Mother Nature has given the prairies many different crop conditions this year, and Saskatchewan is no exception to this rule.
For the most part, Saskatchewan pulse growers are seeing very dry conditions, although this has helped keep disease levels down, notes Sherrilyn Phelps, agronomy specialist with Saskatchewan Pulse Growers, in this latest Pulse School episode.
“You know the pathogens are there from previous years, but you need the environment in order for it to be effective,” explains Phelps. “We have seen a little bit of disease but some of that has been more related to seed borne diseases that you know were showing up at the seedling stage. Other than that there hasn’t been too much. We’re starting to see some chocolate spot in the faba beans, but that’s one crop that’s usually grown in the more moist areas of the province which is more in the north where there is better moisture.”
As far as insects go, pea aphids are currently an issue in some areas.
“We’re tending to get quite a few calls on pea aphids in both peas and lentils, and aphids are a sucking insect so they are sucking the sap out of the plant. So areas that are under moisture stress already – anything thats sucking the saps out can really effect the yields if its not too late in the season,” says Phelps.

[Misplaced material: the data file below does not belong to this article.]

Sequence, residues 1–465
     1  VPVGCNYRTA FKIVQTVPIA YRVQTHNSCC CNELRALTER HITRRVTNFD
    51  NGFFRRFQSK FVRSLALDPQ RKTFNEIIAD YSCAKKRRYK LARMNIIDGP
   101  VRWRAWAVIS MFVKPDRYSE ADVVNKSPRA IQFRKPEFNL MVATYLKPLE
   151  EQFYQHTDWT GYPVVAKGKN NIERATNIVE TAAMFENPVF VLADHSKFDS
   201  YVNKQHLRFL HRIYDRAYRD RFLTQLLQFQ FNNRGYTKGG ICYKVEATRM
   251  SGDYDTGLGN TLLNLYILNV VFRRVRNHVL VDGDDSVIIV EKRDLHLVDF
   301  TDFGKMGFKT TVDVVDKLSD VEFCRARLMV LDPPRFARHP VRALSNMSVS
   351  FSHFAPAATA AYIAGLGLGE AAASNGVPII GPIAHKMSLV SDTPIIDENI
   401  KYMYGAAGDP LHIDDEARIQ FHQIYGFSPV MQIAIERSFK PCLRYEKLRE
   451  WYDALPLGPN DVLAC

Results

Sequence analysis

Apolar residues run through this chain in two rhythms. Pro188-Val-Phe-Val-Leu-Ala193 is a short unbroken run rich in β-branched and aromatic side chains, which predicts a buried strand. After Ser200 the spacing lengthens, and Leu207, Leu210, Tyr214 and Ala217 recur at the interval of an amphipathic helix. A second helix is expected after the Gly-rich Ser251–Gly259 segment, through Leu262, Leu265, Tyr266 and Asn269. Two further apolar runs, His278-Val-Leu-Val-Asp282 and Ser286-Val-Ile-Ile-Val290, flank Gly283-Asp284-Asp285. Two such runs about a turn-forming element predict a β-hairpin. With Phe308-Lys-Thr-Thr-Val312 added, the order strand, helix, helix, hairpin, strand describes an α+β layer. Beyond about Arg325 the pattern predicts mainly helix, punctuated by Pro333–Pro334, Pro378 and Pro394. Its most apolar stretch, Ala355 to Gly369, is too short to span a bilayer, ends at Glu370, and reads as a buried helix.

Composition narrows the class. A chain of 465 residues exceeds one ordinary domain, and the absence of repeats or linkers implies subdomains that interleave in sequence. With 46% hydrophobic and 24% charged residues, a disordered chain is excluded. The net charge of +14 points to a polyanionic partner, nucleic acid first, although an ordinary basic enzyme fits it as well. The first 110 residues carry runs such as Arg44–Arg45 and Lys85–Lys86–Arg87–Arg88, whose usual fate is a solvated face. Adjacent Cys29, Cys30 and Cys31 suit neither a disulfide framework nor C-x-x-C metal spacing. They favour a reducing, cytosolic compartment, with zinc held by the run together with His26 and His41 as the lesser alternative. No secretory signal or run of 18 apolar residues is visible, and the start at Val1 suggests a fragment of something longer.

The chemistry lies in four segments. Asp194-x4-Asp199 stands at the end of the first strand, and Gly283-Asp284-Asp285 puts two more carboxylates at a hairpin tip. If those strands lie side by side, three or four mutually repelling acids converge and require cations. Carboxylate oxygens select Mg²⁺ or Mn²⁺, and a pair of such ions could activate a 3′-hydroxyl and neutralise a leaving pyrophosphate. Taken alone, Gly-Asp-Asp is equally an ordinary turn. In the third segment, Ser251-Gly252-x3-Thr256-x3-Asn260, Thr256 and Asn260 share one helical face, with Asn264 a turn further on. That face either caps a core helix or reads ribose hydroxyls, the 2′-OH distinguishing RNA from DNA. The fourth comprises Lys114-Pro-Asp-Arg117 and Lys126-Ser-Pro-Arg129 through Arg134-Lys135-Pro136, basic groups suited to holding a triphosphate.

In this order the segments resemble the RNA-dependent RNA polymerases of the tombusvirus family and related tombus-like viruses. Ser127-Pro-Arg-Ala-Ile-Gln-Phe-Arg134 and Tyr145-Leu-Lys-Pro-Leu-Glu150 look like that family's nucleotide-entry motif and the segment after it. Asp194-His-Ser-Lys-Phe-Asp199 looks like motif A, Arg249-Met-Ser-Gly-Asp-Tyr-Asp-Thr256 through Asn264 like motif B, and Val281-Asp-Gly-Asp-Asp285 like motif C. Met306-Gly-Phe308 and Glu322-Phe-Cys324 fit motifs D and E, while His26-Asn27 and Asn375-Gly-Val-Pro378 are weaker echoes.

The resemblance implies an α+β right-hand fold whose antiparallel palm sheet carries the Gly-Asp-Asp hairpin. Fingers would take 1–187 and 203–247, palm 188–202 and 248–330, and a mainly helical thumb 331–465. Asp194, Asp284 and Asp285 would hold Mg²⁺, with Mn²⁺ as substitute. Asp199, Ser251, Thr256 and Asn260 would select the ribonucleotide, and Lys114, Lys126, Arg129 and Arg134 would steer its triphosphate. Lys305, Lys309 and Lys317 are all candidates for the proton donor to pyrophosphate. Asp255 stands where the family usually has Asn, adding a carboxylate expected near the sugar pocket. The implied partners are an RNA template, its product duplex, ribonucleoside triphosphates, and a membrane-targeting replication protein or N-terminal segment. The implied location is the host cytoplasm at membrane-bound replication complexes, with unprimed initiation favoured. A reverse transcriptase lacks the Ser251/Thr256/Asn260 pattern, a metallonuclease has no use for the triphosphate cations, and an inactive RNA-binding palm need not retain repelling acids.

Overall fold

As we get closer to harvest, scouting should still be part of your routine, especially with insect pests, she notes.
“Because things like ladybugs will eat a lot of aphids in a day and will help keep those aphid populations under control. So it’s very important to not just monitor one day, but monitor it over a number of days and see if they are being held constant, or if they are increasing, or even decreasing,” she explains. “Sometimes with the beneficials you will get a lag between when the insect population is increasing, and then beneficial needs to increase as well so you get a bit of a lag in terms of that. So it’s very important to go out and scout your fields before applying insecticides.”
Combines have started to roll in some pulse fields in southern Alberta, and Phelps says there are reports in southern Saskatchewan that desiccation could begin within the next week.
For more of a look at pulse crop conditions across the province, check out our Pulse School video filmed at Ag in Motion (June 18-20, 2017) in Langham, Saskatchewan: